TABLE 3. Summary of Results for Central Corneal Thickness as a Risk Factor for Progression of Glaucoma (PDF 118k)

    Visual field evaluation
    Automated static threshold perimetry is the preferred technique for evaluating the visual field.154 [A:III] The frequency doubling technology (FDT) method with the central 20-degree test program (C-20) and short-wavelength automated perimetry (SWAP) with the central 24-degree test program (24-2) are two of several alternative testing methods to screen for a defect before conducting more definitive threshold testing.154 Visual field testing based on SWAP155 and FDT156 may detect defects or progression of defects earlier than conventional white-on-white perimetry in some patients.157 Careful manual combined kinetic and static threshold testing (e.g., Goldmann visual fields) is an acceptable alternative when patients cannot perform automated perimetry reliably or if it is not available.[A:III] Repeat, confirmatory visual field examinations may be required for test results that are unreliable or show a new glaucomatous defect before changing management.27,124 [A:III] It is best to use a consistent examination strategy for visual field testing.

    Optic nerve head and retinal nerve fiber layer analysis
    The appearance of the optic nerve should be documented.136,158 [A:II] Color stereophotography is an accepted method for documenting optic nerve head appearance. Computer-based image analysis of the optic nerve head and retinal nerve fiber layer is an alternative for documentation of the optic nerve. As improvements in these instruments continue, the capacity for them to help the clinician diagnose glaucoma and identify progressive nerve damage becomes more reliable.159-161 Stereoscopic disc photographs and computerized images of the nerve are distinctly different methods for optic nerve documentation and analysis.162 Each is complementary with regard to the information they provide the clinician who must manage the patient. In the absence of these technologies, a nonstereoscopic photograph or a drawing of the optic nerve head should be recorded, but these are less desirable alternatives to stereophotography or computer-based imaging.163 [A:III] In patients with advanced glaucomatous optic neuropathy, there is limited benefit of using stereophotography to identify progressive optic nerve change.164,165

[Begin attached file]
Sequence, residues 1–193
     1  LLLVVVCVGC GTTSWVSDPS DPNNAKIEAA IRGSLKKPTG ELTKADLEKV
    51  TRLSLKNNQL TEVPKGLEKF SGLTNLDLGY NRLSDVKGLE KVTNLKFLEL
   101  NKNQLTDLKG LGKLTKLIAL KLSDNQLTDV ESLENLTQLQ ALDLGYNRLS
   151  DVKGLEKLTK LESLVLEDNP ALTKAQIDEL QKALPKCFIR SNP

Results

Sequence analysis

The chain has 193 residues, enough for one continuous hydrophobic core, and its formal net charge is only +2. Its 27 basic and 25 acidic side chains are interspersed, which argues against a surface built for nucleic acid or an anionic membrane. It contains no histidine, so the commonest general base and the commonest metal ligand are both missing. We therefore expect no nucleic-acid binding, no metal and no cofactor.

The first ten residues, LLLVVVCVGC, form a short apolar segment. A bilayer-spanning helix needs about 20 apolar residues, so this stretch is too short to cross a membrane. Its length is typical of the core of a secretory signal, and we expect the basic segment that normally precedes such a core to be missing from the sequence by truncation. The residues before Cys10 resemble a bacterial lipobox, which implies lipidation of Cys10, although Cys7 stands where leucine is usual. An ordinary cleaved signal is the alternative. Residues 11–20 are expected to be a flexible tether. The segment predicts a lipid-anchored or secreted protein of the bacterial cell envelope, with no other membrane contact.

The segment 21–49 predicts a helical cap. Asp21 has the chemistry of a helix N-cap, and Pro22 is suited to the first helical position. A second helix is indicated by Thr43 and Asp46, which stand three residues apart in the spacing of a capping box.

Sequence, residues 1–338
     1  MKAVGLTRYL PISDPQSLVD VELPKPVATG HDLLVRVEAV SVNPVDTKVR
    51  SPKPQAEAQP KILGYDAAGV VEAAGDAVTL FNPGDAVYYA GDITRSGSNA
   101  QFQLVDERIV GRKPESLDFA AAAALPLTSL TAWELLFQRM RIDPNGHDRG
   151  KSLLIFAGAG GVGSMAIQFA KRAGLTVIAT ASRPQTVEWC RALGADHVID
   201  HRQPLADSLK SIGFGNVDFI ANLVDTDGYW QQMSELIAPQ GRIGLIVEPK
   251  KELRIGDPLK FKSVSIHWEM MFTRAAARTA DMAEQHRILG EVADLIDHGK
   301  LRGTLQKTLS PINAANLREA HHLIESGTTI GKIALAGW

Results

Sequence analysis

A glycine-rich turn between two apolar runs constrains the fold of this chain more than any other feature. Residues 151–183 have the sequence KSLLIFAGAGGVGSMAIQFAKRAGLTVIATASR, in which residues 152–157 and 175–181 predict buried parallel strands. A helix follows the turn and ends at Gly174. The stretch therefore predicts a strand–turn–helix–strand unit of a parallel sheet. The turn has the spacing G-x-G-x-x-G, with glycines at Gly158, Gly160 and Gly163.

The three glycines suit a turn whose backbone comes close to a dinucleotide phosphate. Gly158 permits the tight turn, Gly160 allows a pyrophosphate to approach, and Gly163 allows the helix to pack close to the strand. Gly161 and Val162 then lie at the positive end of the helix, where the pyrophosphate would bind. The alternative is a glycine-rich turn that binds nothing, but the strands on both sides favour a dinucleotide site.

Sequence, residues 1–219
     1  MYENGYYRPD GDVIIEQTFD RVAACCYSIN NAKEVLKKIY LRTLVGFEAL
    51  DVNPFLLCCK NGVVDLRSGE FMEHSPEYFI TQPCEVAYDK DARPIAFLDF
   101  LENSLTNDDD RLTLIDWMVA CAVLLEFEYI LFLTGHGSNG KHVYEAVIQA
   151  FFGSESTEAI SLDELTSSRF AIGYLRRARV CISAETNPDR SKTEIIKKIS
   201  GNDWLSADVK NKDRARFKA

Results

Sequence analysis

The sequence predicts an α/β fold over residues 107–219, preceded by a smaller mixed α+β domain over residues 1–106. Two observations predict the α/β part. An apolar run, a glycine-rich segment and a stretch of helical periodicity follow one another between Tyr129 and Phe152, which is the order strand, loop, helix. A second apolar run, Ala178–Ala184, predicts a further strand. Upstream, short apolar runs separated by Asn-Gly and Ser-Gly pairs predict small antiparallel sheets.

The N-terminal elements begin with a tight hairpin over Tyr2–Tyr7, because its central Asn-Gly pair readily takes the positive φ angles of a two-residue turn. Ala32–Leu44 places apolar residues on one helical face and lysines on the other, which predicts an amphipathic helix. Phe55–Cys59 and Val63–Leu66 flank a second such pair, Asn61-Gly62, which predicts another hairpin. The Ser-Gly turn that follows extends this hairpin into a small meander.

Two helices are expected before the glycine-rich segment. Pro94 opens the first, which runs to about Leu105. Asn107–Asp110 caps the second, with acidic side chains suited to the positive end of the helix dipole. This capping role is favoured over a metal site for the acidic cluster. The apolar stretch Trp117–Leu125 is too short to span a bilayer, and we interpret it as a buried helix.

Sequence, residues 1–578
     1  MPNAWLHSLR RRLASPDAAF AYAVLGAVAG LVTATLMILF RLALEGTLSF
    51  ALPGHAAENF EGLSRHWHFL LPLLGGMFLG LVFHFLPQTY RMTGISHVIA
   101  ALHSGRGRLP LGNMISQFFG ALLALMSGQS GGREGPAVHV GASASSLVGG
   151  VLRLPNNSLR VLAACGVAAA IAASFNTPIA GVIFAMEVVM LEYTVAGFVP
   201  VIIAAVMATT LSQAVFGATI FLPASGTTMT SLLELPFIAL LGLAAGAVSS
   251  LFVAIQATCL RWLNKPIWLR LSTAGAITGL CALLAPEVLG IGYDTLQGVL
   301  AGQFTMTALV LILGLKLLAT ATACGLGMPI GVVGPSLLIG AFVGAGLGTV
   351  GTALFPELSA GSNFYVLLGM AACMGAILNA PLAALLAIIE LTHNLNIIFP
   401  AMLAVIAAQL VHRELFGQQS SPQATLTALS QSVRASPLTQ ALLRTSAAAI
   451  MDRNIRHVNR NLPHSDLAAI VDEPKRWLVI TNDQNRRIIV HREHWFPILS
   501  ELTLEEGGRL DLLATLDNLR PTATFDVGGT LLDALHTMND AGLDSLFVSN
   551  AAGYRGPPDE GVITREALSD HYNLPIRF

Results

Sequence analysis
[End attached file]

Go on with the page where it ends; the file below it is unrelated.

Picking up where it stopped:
There are three types of computer-based imaging devices currently available for glaucoma: confocal scanning laser ophthalmoscopy, optical coherence tomography, and scanning laser polarimetry. In a systematic review, the versions of these devices that were studied were similar in their ability to distinguish glaucoma from controls.136,166 When examined for the ability of these devices to detect glaucoma progression, studies have shown a relative lack of concordance between the structural (the imaging devices) and functional (visual field) tests.167,168 Taken together, computer-based imaging devices for glaucoma provide useful, quantitative information for the clinician when analyzed in conjunction with other relevant clinical parameters. As device technology evolves (e.g., higher resolution spectral domain optical coherence tomography), the diagnostic performance is expected to improve accordingly.

    MANAGEMENT

    Goals
    The goals of managing patients with POAG are to achieve the following:

    • Controlled IOP in the target range
    • Stable optic nerve/retinal nerve fiber layer status
    • Stable visual fields

    Because elevated IOP is a treatable cause of POAG damage, one can expect to reduce the risk of disease progression in many patients by lowering the IOP by means of medication, laser therapy, or incisional glaucoma surgery. Results from randomized controlled trials (summarized in Table 2) and other studies reinforce this expectation and provide evidence that the more the IOP is lowered, the more likely is it to slow the rate of progression of POAG.5,27-32,36,120,122,123,126,169-180

    Management is a challenge for the patient and the doctor, because POAG is a chronic, often asymptomatic, condition that may require frequent use of multiple and expensive medications181 that may cause side effects or may require laser or incisional surgery. The effects of treatment, the patient's quality of life, and the patient's life expectancy are important to consider when choosing therapy. The diagnosis, severity of the disease, prognosis and management plan, and likelihood of long-term therapy should be discussed with the patient.[A:III] Substantial field loss in glaucoma is associated with a decrease in quality of life measures.90,91,182

    Target Intraocular Pressure for Patients with POAG
    The goal of glaucoma treatment is to maintain the IOP in a range at which a patient is likely to remain stable or at which worsening of glaucoma will be slow enough that the risk of additional intervention is not justified.183,184 The estimated upper limit of this range is considered the "target pressure." The initial target pressure is an estimate and a means toward the ultimate goal of protecting the patient's vision. The target pressure should be individualized and may need adjustment during the course of the disease.[A:III]